“This meant Ted Williams’s head was now ready to be cut off”

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We’ve all heard about what happened to Ted Williams after he died. His son John-Henry Williams had his body transferred to the Alcor Life Extension Foundation in Arizona where they froze his body in the hopes that, one day, medical science could reanimate The Greatest Hitter Who Ever Lived.

There has been controversy and litigation about all of that over the past decade. Now come some details in the form of a new biography of Williams entitled The Kid: The Immortal Life of Ted Williams,” by Ben Bradlee Jr., to be published tomorrow by Little, Brown and Co. Today the Boston Globe has an adapted excerpt from it. Specifically, the part about what happened to The Kid’s body in the hours after his death.

It also has some background on how Williams’ body found its way to Alcor. Specifically, on John-Henry Williams’ fascination with cryogenics cryonics. A fascination so great that it may very well have trumped his father’s specific wishes about what he wanted to have done with his remains after he died.

You can read this as an interesting set of anecdotes about Ted Williams. You can also read this as a somewhat unsettling glimpse at what waits in store for many people who approach death and depend on their families to take care of their final wishes.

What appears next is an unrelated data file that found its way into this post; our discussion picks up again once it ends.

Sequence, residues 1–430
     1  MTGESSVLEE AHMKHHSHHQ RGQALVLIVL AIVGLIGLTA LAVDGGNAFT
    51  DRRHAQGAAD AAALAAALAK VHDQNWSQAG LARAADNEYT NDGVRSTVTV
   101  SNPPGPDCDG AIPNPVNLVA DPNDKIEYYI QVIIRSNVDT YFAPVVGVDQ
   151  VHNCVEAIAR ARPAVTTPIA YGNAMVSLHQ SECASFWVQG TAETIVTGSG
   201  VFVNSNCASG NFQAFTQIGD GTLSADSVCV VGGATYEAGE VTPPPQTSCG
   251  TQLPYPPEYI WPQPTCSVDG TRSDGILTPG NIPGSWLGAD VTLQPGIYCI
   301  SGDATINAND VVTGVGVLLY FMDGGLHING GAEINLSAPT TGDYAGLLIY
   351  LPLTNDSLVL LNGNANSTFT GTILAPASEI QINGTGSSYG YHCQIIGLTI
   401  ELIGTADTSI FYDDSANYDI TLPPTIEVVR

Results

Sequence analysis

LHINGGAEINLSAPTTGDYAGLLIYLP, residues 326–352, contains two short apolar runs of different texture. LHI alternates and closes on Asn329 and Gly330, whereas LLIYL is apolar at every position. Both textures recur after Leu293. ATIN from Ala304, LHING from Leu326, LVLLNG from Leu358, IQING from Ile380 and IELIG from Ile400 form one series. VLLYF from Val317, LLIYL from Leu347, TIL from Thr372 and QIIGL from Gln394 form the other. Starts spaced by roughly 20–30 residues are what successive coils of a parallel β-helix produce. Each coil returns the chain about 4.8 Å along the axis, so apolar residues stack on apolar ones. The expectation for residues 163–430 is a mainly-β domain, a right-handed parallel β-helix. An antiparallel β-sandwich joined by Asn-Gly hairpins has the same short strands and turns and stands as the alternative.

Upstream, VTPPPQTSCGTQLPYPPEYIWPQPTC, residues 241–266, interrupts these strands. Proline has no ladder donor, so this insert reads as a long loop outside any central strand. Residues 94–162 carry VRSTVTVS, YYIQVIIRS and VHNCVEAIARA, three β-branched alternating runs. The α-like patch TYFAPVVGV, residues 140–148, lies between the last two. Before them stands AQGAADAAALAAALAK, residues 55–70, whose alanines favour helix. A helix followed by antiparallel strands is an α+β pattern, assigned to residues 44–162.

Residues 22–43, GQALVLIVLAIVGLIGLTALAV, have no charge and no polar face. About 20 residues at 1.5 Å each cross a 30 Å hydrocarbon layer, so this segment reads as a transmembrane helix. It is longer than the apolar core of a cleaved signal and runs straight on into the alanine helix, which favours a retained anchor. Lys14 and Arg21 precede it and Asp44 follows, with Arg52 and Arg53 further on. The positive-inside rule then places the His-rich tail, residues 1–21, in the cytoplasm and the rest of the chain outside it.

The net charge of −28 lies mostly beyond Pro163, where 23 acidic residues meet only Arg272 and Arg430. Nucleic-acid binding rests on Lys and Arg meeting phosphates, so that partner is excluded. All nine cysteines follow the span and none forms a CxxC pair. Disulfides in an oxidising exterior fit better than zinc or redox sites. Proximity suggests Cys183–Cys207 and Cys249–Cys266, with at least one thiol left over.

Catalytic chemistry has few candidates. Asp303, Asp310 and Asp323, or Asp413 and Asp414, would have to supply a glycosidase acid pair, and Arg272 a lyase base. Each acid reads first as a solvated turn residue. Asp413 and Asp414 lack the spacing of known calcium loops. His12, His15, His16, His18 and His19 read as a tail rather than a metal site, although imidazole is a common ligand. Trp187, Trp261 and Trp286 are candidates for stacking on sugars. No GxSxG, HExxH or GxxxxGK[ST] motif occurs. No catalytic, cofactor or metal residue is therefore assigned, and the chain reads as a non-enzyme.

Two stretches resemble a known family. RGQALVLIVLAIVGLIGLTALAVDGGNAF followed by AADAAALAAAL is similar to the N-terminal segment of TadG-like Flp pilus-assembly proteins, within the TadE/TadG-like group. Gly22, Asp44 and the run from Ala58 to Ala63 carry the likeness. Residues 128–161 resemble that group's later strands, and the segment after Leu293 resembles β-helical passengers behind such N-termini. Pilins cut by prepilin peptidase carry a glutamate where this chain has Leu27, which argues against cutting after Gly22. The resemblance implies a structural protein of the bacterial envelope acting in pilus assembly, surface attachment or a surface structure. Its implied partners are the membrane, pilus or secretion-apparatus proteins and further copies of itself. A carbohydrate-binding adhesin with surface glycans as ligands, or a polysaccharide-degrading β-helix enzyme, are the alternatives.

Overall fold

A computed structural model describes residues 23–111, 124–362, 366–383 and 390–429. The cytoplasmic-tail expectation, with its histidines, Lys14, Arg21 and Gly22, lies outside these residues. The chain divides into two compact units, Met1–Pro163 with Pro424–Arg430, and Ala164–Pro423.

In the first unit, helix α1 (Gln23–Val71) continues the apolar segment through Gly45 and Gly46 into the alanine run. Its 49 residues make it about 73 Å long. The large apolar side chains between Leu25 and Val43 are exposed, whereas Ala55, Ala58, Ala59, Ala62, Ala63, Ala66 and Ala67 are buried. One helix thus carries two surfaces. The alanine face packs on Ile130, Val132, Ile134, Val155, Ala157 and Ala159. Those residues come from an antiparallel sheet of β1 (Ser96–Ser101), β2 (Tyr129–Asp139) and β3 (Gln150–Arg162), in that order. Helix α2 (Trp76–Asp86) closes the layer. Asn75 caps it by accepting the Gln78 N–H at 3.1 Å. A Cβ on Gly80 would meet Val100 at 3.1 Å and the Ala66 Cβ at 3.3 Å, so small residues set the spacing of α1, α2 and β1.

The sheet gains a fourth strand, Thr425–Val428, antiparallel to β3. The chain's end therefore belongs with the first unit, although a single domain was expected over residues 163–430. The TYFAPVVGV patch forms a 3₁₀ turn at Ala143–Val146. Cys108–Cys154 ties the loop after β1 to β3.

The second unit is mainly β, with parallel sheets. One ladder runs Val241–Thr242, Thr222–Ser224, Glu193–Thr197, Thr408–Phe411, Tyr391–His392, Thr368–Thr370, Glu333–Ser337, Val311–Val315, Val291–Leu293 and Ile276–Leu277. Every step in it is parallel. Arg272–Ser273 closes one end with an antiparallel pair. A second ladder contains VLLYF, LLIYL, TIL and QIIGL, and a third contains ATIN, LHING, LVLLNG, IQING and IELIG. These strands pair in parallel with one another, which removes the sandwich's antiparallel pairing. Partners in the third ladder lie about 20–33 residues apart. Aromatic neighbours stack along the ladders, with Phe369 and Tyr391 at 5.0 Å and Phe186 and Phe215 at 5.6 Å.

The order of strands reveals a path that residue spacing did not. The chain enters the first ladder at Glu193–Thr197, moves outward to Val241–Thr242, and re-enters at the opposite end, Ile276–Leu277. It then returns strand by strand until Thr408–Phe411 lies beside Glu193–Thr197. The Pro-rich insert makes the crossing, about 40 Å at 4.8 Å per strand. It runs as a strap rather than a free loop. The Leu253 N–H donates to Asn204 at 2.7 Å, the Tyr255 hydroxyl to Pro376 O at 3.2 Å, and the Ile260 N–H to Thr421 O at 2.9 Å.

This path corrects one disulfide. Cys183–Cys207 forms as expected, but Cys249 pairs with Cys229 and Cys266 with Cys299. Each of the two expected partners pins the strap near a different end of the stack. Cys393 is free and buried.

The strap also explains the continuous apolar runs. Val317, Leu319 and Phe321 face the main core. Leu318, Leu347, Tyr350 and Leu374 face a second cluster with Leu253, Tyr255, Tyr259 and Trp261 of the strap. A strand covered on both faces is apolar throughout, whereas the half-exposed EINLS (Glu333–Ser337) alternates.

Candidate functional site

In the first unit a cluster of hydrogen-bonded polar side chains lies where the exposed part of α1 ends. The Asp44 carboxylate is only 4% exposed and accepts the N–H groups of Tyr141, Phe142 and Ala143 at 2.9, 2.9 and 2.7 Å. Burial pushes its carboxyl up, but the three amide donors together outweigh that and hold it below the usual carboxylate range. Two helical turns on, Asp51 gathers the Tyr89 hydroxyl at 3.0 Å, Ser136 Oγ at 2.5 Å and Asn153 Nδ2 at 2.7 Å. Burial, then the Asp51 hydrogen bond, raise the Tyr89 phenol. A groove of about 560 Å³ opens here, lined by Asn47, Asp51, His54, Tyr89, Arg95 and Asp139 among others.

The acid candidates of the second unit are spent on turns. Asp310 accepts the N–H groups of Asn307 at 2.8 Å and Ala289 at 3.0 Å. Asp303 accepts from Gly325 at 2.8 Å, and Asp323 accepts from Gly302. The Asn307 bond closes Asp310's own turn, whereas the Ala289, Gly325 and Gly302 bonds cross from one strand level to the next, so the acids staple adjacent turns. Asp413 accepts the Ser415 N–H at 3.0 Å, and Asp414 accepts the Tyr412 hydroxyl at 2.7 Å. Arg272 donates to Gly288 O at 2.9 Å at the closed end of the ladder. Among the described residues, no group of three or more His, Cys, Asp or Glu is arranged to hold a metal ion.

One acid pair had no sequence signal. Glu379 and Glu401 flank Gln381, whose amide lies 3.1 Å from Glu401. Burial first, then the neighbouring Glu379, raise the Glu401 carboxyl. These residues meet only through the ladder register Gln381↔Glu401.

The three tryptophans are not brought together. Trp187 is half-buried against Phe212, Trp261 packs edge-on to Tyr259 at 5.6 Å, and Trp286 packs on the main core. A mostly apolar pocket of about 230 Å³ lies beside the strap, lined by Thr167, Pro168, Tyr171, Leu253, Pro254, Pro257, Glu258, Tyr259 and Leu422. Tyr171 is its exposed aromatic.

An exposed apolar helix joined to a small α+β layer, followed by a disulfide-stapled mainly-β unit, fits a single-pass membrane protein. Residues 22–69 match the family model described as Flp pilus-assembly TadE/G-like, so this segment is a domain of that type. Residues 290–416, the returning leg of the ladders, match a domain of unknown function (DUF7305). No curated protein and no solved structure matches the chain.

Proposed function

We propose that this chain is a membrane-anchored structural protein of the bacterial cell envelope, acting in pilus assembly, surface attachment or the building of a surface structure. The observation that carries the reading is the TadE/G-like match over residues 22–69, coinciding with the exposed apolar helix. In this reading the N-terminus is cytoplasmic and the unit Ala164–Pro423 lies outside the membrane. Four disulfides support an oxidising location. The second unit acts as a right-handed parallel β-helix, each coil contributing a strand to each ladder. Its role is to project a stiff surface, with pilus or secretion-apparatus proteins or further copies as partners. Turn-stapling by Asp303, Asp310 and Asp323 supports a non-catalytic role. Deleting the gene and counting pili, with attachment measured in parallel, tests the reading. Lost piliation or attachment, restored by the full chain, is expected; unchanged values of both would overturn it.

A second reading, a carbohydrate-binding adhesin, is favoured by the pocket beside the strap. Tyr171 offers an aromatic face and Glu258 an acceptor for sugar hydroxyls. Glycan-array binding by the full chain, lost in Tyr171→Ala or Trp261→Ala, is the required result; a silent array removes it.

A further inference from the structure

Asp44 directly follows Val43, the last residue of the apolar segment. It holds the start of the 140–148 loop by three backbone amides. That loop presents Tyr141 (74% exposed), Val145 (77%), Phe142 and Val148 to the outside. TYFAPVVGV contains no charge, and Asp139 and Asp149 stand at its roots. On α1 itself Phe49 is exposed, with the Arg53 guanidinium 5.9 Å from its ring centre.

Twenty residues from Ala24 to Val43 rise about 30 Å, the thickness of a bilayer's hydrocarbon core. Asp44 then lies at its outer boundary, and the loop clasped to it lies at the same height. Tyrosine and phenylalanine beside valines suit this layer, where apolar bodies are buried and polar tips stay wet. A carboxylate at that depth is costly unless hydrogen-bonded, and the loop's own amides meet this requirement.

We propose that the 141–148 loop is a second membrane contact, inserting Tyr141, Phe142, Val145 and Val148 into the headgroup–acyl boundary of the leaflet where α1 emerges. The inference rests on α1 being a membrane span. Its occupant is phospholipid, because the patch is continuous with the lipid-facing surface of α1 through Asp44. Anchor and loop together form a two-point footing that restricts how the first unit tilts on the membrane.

But either way: it’s the best thing you’ll hear about a former .400 hitter being decapitated all day. I guarantee you that.

Asdrubal Cabrera signs with the Texas Rangers

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Ken Rosenthal reports that the Texas Rangers have signed infielder Asdrubal Cabrera to a one-year deal, pending a physical. He’ll be paid $3.5 million, according to Jeff Passan of ESPN. Rosenthal reports that Cabrera will primarily play third base, replacing Adrian Beltre, who has retired.

It’s a fairly low price given that Cabrera hit 23 homers and posted a line of .262/.316/.458 (112 OPS+) between the Mets and Phillies last season but, as is the case with so many other veteran free agents, there did not appear to be much of a market developing for his services. He’ll at least get a lot of playing time in Texas, it would seem.